Brigadoon on the bay; Making memoriesSomewhere down...


Brigadoon on the bay; Making memories

Somewhere down there near the bay there is a lost village, a Brigadoon. I used to spend a lot of Sunday afternoons poking around the Chesapeake Bay Western Shore country; I enjoyed the gentle beauty of the Southern Maryland countryside, the hamlets, the woodland, coves, ravines, the fenced horse farms, the rolling fields of tobacco growing like Jack's beanstalk from the tiny, lop-eared seedlings set out in the spring of the year. And all the little back roads that twist and wind through the woods where the deer run, past the clearings of isolated farms, in and out of the occasional clusters of dwellings.

On one meandering trip along a two-lane blacktop off state Route 2, the old Solomon's Island Road, I rounded a turn and came on a remarkable little village, no more than seven or eight houses strung out along the road and which, but for the lack of thatched roofs, might have been lifted right out of the Cotswold hills of Britain, little cottages of one or 1 1/2 stories that looked as though they had grown from the soil on which they stood. The dark green shrubs that clustered around the dwellings and hedged the paths that led from front doors to roadway gave off the tangy aroma of boxwood and had the lumpy, close-leafed foliage and thick, twisty trunks and branches of ancient plants. White picket fences that enclosed each yard were pierced by swinging gates, the kind that spring open when unlatched by means of baseball-sized iron counterweights pendant from chains from gate edge to planted posts.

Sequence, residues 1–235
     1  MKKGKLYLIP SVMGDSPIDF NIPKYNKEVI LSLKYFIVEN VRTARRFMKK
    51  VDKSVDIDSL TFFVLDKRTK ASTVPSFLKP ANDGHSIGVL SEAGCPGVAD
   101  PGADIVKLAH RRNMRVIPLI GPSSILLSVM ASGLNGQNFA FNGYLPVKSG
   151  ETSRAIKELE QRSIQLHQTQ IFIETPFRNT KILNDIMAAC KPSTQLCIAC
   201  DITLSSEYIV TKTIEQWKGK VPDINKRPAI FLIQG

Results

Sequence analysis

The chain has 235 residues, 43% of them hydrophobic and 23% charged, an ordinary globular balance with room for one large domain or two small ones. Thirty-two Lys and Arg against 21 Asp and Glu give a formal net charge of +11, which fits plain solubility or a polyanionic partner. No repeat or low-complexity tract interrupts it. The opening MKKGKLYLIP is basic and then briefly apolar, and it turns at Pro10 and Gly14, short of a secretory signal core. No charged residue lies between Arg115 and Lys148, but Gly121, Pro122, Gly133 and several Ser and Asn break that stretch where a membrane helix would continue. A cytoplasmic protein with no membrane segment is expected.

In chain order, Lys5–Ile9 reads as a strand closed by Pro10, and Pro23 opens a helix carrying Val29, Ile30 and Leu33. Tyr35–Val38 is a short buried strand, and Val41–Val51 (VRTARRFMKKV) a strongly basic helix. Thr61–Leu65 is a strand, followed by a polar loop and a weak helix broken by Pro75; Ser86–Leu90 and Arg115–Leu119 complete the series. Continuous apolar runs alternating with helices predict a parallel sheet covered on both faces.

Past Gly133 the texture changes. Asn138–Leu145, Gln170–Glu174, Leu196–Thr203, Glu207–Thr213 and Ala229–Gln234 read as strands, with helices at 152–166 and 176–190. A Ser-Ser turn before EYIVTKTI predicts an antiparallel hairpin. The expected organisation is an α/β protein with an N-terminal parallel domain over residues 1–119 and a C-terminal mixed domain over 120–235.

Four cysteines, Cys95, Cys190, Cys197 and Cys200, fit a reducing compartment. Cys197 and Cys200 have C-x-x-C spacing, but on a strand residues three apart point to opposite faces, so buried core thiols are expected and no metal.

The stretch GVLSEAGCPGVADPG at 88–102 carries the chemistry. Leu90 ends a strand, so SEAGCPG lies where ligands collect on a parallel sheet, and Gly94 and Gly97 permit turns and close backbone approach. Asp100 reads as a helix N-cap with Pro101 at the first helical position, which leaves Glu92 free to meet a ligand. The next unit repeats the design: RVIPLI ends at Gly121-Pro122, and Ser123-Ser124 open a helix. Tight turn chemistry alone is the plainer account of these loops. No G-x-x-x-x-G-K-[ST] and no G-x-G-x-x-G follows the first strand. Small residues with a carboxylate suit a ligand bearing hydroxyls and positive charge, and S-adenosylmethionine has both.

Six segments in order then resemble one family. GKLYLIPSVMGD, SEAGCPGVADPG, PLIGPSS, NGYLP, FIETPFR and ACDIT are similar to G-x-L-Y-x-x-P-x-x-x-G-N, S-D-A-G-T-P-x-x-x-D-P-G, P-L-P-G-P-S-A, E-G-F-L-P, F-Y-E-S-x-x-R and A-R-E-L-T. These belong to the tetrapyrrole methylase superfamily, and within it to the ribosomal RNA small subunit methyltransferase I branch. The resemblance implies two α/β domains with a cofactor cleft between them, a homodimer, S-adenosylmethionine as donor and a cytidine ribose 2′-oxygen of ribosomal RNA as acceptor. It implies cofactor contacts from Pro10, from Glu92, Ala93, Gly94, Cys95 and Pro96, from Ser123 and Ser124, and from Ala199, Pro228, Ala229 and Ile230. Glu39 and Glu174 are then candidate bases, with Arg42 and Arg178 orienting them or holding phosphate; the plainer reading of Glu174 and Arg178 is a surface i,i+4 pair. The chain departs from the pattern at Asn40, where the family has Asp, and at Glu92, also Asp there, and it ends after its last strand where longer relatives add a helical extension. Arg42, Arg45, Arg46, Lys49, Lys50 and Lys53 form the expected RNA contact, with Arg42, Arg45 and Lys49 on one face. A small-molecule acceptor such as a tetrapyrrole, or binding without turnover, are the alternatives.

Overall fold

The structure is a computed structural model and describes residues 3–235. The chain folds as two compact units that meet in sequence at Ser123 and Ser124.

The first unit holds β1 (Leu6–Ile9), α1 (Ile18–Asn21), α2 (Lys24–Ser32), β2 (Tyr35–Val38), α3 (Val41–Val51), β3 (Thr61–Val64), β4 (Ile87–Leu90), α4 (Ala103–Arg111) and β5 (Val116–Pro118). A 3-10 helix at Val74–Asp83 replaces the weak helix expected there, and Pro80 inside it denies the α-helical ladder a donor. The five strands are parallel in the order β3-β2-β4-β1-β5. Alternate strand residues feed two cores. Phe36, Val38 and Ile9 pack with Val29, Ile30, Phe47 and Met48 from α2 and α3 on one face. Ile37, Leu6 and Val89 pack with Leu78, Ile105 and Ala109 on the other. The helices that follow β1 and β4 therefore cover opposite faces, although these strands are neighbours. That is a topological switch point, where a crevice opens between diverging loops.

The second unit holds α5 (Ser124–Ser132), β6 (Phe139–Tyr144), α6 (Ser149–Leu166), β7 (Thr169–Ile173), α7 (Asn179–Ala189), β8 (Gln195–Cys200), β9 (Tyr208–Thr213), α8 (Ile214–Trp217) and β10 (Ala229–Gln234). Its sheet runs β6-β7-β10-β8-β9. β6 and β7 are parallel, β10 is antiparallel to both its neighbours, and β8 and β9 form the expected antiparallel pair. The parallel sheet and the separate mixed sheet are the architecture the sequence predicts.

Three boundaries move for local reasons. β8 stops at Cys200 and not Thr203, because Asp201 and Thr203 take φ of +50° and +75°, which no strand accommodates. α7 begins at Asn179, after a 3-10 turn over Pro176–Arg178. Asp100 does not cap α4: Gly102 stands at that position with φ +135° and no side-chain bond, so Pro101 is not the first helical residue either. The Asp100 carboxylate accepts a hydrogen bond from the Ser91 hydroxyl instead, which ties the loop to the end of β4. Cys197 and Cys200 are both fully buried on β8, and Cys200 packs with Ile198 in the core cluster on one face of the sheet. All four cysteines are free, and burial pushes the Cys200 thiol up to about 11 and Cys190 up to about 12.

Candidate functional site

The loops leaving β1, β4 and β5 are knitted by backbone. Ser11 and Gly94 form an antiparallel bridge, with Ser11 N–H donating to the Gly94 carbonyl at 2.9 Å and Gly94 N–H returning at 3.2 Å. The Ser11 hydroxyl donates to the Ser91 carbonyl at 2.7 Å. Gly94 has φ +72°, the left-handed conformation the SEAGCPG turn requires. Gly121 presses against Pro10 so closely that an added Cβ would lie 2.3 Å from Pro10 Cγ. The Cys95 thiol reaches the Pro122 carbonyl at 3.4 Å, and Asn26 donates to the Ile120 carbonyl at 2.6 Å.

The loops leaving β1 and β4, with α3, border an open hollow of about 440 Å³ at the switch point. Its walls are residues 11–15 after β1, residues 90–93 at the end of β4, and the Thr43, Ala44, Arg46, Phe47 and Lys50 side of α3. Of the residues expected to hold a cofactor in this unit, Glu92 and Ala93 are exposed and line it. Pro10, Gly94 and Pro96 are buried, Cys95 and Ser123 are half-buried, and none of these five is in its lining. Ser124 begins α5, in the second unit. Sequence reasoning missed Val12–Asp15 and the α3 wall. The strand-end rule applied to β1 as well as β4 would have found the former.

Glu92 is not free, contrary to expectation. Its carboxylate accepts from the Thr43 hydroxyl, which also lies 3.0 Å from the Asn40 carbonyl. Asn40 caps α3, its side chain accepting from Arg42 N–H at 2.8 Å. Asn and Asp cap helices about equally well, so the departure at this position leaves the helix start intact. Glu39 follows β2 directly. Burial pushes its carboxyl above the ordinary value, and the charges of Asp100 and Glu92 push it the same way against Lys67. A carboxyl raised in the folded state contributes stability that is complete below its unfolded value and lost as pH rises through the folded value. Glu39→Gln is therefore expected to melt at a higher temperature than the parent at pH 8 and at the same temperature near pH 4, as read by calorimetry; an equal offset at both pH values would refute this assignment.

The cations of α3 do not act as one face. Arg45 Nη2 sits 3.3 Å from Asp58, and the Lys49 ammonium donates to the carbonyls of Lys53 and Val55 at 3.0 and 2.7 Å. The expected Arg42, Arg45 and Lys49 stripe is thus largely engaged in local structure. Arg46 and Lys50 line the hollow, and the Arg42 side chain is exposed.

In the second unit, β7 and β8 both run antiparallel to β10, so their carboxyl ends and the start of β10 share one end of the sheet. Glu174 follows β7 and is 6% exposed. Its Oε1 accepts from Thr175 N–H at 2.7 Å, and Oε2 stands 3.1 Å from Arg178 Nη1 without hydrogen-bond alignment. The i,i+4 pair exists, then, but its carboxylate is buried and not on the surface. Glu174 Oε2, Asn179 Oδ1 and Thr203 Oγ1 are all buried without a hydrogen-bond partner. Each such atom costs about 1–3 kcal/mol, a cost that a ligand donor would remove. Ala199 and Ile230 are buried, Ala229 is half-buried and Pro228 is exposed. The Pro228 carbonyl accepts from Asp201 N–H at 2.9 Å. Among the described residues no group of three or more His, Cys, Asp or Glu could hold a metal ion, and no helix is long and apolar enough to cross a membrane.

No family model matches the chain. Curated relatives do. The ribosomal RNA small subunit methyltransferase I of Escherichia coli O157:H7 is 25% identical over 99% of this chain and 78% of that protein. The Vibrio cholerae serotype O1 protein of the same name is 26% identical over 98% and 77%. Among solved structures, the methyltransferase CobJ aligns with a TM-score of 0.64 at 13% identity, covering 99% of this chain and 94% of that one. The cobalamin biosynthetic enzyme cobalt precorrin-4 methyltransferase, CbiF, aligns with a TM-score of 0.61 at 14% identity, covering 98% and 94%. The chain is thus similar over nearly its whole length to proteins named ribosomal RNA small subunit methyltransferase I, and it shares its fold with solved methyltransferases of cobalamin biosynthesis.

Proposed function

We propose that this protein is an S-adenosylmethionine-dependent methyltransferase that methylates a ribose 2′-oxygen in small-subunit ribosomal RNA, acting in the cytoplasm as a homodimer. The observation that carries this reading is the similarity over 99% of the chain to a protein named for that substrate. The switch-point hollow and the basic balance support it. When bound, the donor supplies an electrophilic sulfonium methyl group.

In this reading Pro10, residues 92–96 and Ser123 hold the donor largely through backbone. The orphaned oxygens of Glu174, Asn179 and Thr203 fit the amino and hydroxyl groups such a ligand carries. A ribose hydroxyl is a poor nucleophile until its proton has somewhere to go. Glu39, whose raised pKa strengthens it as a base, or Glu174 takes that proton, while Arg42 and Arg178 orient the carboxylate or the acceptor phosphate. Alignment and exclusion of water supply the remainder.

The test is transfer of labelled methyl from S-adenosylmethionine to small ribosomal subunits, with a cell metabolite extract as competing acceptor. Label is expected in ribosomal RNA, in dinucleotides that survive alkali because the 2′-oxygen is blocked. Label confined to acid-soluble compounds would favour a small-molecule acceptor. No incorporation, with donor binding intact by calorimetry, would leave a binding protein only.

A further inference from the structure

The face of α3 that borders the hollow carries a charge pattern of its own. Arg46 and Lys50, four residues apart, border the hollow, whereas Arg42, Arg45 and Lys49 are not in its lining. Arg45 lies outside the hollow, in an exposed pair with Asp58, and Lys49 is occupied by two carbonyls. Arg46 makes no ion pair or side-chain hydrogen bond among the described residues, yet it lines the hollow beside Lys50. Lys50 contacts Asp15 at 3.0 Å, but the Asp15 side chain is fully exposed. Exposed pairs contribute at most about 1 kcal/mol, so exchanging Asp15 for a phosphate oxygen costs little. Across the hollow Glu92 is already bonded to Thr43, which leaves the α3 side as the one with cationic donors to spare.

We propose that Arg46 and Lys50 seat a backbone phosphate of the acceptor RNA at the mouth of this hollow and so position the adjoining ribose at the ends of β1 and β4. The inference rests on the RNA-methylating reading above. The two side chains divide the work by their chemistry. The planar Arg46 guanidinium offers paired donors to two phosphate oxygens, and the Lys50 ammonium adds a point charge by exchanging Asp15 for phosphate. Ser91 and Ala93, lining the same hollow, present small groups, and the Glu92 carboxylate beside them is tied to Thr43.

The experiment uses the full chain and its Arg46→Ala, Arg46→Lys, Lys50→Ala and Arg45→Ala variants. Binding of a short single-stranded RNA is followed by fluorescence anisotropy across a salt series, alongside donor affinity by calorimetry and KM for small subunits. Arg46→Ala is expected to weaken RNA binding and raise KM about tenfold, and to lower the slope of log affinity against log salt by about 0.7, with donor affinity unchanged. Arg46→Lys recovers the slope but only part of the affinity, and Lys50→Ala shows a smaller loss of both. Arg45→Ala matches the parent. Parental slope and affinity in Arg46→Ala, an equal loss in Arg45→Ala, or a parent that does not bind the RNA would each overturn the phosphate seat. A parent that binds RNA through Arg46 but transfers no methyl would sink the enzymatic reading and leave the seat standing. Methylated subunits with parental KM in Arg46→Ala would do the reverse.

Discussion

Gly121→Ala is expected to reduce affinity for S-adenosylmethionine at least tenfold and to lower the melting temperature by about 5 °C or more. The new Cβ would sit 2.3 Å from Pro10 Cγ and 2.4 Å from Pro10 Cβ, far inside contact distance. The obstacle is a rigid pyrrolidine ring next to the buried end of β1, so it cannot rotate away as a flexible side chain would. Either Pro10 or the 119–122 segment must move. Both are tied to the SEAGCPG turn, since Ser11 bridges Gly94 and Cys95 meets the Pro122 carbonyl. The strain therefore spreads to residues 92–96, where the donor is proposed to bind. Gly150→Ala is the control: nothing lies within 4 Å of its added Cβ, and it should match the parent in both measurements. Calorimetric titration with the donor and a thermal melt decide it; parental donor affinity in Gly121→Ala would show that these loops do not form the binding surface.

Nothing stirred; no one was in sight. The landscape seemed steeped in some silent siesta. This was the afternoon of one of those perfect summer days. The time was well on toward twilight, and the slanting rays of the westering sun cast long shadows across the land. They created a magic light that suffused everything with a soft-edged illumination, giving the effect of almost a fairyland scene, a fey, shimmering vision from some other time and place. It was a moment, a sight, that etched itself indelibly on the tablet of memory.

I pulled over onto the side of the road, though there was no other traffic, and stopped awhile to watch. The green lawns, flower beds, low white houses, dark boxwoods, white fences basked in sunlight, silence and peace of the closing day. After a while I started the car and drove on toward home, postponing further exploration for another day.

Since that Sunday afternoon I have tried to find again that little village and re-experience the magic, but the road of memory doesn't lead there anymore. Perhaps I have tried the wrong road. Perhaps the light has been wrong, or the time of day, or my mood. Whatever the case, I have been unable to find again that gap in the curtain through which I once peered; my Brigadoon will not reappear.

Robert Drury lives in Catonsville.

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